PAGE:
2001-Fri Mar 23 02:58:01 EDT 2018
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If your dog has an abundance of energy, it’s important that you direct that energy into an activity that’s fun for you and her. Our guide will help you decide whether agility training is right for your dog.
Basic agility training can involve teaching your dog to weave-poles, go over see-saws and crawl under tables. It is an excellent source of exercise for both handler and dog and can be an incredibly rewarding and beneficial activity for both you and your dog whether you want to actually compete in agility trials or just do it for fun. Agility training can not only harness your dog’s energy and boost her confidence level, but it can also improve the special bond between dog and owner. After an assessment of your dog’s exercise needs, and recommendations from your vet, you may decide to embark on a whole new chapter in your pup’s training.
Agility training is often referred to as “the sport for all dogs,” because all types of dogs, from purebreds to mixed breeds, are allowed to compete. Whether it’s jumping hurdles, climbing ramps, or running through funnels, 150 different dog breeds (mixed breeds count as one group) have performed well in the sport of agility.
Organized agility competitions consist of a timed course on which a handler guides his or her dog through various obstacles. Much like equestrian jumping events, scoring is based on each competitor’s faults as they navigate the course. Also like equestrian events, agility competitions are very popular with spectators. There are videos online as well as televised events you can check out to see if it seems like something you want to pursue.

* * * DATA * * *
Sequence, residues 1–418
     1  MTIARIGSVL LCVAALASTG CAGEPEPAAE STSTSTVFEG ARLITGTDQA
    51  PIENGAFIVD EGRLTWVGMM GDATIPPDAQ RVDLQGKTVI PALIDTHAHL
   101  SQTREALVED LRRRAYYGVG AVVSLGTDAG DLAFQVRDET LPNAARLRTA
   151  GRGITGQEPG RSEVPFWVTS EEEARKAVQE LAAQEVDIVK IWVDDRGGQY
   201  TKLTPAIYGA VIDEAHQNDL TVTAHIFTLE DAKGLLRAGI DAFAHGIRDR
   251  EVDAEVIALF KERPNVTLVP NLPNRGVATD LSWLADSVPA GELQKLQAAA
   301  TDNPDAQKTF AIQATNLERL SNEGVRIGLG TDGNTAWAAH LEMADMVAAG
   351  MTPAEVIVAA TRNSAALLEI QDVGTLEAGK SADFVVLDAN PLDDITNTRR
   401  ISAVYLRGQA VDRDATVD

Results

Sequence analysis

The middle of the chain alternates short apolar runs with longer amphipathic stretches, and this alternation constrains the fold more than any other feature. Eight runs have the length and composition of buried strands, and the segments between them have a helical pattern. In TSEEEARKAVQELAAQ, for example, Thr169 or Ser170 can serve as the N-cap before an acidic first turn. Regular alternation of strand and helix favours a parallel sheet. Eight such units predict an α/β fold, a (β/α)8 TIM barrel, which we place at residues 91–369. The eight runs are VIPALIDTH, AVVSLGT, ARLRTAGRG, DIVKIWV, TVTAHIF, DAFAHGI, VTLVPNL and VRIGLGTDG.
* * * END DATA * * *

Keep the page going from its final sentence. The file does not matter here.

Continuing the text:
Agility is both a mentally and physically demanding sport, so it’s important that you consult your vet to determine whether your dog is a good candidate for such strenuous work. Throughout both the training process and competition, it’s critical that you always put your dog’s well being first, in terms of both health and psychology.
A great way to get started in the sport is an agility training class. These classes typically meet for one hour a week for six weeks. Classes tend to be enjoyable for dogs, beginning with playtime and warm-ups, which will allow you to meet other dog owners in the community. Be advised, the completion of a basic obedience class is often a prerequisite for agility training classes.
An important thing to keep in mind is that you should never force your dog to perform a task that makes her anxious or scared. If your dog isn’t comfortable with a certain obstacle, move on to another. It may take time for your dog to grow comfortable and confident, so start small and work your way up to complicated obstacles.
The United States Dog Agility Association (USDAA) has standardized the sport, promoting it as a fun, community activity with various levels of competition. Dogs are grouped together based on height, with each height division competing in either a ‘performance’ or ‘championship’ level event.
The performance level competitions consist of more generous time limits and lower jump heights, allowing dogs and handlers to have both fun and success with a modest training commitment. Dogs must be registered with the USDAA to compete in its events and are eligible to compete beginning at 18 months of age.
To get involved in canine agility, contact the USDAA or check their website for local groups and events. There’s even a junior handler program to involve school age children and promote responsible pet ownership.
This article has been reviewed by a Veterinarian.
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